Sandwich #103–“Tantrum-Filled” Sloppy Joe

By 300 Sandwiches

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DSC_0524 Sometimes—such as yesterday— E thinks I make him look childish. After my recap of E refusing to eat store bought smoked salmon, in favor of the fresh, pastrami–flavored fish from Russ & Daughters, E told me. “You portray me as a tantrum-having child sometimes.”

Let’s be clear—I wouldn’t make 300 sandwiches for just anyone. E is wonderful. He is a giving, patient, loving man who does nothing but spoil me. He makes me a better, happier person, and there’s no other partner I can imagine myself starting a family with than him. He is just picky about his food.

But we’re all picky about something! You should see me get on him about loading the dishwasher. “You have to rinse the dishes before they go in there!” I repeat. “And wine glasses go on the right, top rack.” And then, the inevitable: “Just let me do it!”

This weekend, we’re headed to Vermont to enjoy probably the last solid weekend of snowboarding this season. For dinner the night before–it’s still in the low 30s in New York, even though it’s the beginning of April—I craved a warm, hearty meal that would toast our buns and show E that I appreciate him, even when he does turn up his nose at store-bought smoked salmon. Sloppy joes—with toasted hamburger buns—did the trick.

I turned to recipes from a woman who knew how to feed a hungry man: Ree Drummond. Also known as The Pioneer Woman. She’s married to a real life cowboy and tends after four kids, and a dog, on a ranch in Oklahoma. She has a lot of hungry mouths to feed. I took her recipe for Sloppy Joes and whipped it up to my specifications. I used turkey meat, instead of beef, for a lighter meal, and stirred in more onions and peppers than she calls for to chunk it up. One pot, 20 minutes (just as Ree said), and voila! Dinner was ready.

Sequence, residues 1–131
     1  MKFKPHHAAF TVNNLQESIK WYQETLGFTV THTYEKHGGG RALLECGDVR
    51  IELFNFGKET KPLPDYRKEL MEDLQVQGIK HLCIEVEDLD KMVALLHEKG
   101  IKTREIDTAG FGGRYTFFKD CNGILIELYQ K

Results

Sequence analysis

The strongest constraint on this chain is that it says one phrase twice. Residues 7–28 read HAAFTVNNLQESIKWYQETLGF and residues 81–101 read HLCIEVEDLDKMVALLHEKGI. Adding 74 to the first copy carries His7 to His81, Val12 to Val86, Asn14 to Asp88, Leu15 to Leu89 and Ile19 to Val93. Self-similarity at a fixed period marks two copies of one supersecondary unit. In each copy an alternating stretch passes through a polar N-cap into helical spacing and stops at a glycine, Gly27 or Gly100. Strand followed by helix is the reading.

The recipe calls for chili power and chili flakes, and both add flavor and heat without the heat overpowering the flavor. Fresh bell peppers added color and crunch, all providing a meal that tasted straight off the ranch. And it wasn’t that messy. But I recommend having a fork handy.

E flew in the door with a bottle of red wine (a Pinotage from South Africa–we try and drink South African wines when we can, but the good ones are hard to find in America because of the expensive import costs). When he sat down, I handed him a hot, sloppy sandwich. He wolfed it down, had seconds, then scooped me up and cuddled with me on the couch. It was the toastiest place I’d been all day.

1 pound ground turkey
2 tablespoons butter
1/2 green pepper, chopped
1/2 large white onion, chopped
3/4 cup ketchup
1/2 cup water
2 cloves garlic, minced
1 tablespoon brown sugar
1 teaspoon chili powder
1 teaspoon dry mustard
1/2 teaspoon red pepper flakes
1 tablespoon Worchestershire sauce
4 hamburger buns
salt and pepper to taste

Melt the butter in a large skillet over medium heat. Add ground beef and cook until brown, about 5 minutes. Remove from heat and drain liquid from meat.

Add onion, garlic, and green pepper to the meat and cook until vegetables soften, about another 3 minutes. Then in a small mixing bowl or measuring cup, mix ketchup, brown sugar, chili pepper, dry mustard, and water. Stir to combine and pour over meat and veggie mixture. Then shake Worchestershire sauce over mixture and stir. Simmer for 15 minutes, and add salt and pepper to taste.

Toast buns. Spoon our meat mixture onto bun and top with top half. Serve with chip, crackers or pickles. Makes 6-8 sloppy joes.

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